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An excerpt from www.HouseOfNames.com archives copyright © 2000 - 2016
Origins Available: English, French-Alt, French
The Anglo-Saxon name Chevalier comes from when its first bearer worked as a knight. The surname Chevalier is derived from the Old French word chevalier, which means knight, but horseman and rider are more literal translations. This is derived from the Late Latin word caballarius, which is a derivative of the word caballus, which means horse. In medieval times, only men of wealth could afford the upkeep of a riding horse. In most cases, the surname Chevalier was originally an occupational name applied to a knight's servant, rather than to the knight himself, since most members of the knighthood belonged to noble families which bore surnames derived from their estates.
The surname Chevalier was first found in Suffolk, where they held a family seat at Aspal from ancient times.
Until quite recently, the English language has lacked a definite system of spelling rules. Consequently, Anglo-Saxon surnames are characterized by a multitude of spelling variations. Changes in Anglo-Saxon names were influenced by the evolution of the English language, as it incorporated elements of French, Latin, and other languages. Although Medieval scribes and church officials recorded names as they sounded, so it is common to find one person referred to by several different spellings of his surname, even the most literate people varied the spelling of their own names. Variations of the name Chevalier include Chevalier, Chivaler, Chevaler, Cheveler, Cheualer and others.
This web page shows only a small excerpt of our Chevalier research. Another 397 words (28 lines of text) covering the years 1221, 1273, 1332, 1500, 1540, 1546, and 1805 are included under the topic Early Chevalier History in all our PDF Extended History products and printed products wherever possible.
Another 30 words (2 lines of text) are included under the topic Early Chevalier Notables in all our PDF Extended History products and printed products wherever possible.
Some of the Chevalier family moved to Ireland, but this topic is not covered in this excerpt. Another 111 words (8 lines of text) about their life in Ireland is included in all our PDF Extended History products and printed products wherever possible.
Searching for a better life, many English families migrated to British colonies. Unfortunately, the majority of them traveled under extremely harsh conditions: overcrowding on the ships caused the majority of the immigrants to arrive diseased, famished, and destitute from the long journey across the ocean. For those families that arrived safely, modest prosperity was attainable, and many went on to make invaluable contributions to the development of the cultures of the new colonies. Research into the origins of individual families in North America revealed records of the immigration of a number of people bearing the name Chevalier or a variant listed above:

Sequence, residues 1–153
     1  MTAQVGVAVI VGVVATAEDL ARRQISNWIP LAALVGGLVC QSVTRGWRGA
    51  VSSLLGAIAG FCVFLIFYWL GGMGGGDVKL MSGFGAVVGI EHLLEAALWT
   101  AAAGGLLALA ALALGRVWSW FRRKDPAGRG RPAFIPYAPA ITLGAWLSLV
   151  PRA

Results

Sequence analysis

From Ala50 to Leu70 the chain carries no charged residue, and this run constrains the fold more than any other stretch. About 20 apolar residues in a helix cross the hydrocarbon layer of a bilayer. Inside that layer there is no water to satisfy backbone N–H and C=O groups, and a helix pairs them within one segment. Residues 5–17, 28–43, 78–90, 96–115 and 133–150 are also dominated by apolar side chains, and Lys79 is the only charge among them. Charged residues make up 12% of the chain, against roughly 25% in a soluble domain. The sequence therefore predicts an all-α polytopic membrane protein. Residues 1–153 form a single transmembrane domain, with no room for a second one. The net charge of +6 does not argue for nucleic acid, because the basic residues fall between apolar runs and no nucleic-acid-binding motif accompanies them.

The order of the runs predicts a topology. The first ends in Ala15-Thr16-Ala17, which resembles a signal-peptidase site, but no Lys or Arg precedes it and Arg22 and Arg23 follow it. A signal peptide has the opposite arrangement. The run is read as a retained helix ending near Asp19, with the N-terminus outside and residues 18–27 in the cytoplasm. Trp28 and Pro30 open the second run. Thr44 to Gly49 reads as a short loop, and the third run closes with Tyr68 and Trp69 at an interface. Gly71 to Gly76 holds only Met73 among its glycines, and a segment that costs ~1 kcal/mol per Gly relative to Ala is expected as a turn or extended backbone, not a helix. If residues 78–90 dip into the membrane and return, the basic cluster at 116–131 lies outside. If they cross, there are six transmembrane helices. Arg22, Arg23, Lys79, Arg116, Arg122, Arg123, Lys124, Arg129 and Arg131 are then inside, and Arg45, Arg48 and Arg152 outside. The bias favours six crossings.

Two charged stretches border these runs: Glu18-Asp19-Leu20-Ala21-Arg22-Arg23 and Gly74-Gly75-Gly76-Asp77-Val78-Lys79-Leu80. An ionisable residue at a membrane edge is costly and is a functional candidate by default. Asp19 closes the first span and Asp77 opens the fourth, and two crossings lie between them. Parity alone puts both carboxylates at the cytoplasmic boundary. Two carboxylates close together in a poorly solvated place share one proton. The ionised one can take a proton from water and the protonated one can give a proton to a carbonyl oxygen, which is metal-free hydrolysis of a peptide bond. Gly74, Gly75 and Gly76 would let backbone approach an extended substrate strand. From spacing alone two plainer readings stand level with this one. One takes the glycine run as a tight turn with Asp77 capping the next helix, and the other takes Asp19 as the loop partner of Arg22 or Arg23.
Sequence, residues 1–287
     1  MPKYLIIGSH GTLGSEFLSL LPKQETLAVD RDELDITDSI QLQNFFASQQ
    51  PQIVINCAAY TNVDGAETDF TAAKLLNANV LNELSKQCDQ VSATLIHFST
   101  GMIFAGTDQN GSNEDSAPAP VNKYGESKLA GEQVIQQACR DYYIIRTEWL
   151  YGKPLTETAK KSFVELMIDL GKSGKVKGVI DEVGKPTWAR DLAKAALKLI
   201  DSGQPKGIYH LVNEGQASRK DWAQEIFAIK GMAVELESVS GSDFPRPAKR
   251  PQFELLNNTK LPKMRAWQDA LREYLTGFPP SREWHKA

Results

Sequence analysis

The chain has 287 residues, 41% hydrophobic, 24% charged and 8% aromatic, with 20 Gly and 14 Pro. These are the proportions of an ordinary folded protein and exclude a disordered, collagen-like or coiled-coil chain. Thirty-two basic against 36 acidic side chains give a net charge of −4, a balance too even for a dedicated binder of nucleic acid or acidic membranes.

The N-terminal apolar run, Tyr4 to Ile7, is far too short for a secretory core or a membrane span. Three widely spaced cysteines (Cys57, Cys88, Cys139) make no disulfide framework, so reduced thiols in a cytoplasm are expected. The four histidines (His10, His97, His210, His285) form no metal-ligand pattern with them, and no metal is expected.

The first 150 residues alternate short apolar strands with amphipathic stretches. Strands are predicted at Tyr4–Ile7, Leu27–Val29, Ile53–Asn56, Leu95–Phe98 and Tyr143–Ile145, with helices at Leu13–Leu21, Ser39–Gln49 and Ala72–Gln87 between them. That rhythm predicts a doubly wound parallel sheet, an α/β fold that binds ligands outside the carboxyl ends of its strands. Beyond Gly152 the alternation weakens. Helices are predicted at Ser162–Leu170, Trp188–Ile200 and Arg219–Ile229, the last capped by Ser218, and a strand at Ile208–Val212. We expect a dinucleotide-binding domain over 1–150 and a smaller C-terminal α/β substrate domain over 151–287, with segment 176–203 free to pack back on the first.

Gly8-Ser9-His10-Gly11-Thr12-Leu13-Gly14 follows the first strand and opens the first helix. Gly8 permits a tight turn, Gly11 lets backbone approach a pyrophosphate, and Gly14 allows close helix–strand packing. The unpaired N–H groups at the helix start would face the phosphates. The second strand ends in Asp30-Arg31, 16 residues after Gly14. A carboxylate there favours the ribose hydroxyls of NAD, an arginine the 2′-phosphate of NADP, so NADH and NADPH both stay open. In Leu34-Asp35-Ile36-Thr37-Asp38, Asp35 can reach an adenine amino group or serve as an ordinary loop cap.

Chevalier Settlers in United States in the 17th Century
Chevalier Settlers in United States in the 18th Century
Chevalier Settlers in United States in the 19th Century
Chevalier Settlers in Canada in the 17th Century
Chevalier Settlers in Australia in the 19th Century
Chevalier Settlers in New Zealand in the 19th Century
The motto was originally a war cry or slogan. Mottoes first began to be shown with arms in the 14th and 15th centuries, but were not in general use until the 17th century. Thus the oldest coats of arms generally do not include a motto. Mottoes seldom form part of the grant of arms: Under most heraldic authorities, a motto is an optional component of the coat of arms, and can be added to or changed at will; many families have chosen not to display a motto.
Motto: Fidei coticula crux
Motto Translation: The cross is the test of truth.
The Chevalier Family Crest was acquired from the Houseofnames.com archives. The Chevalier Family Crest was drawn according to heraldic standards based on published blazons. We generally include the oldest published family crest once associated with each surname.
This page was last modified on 12 February 2015 at 11:15.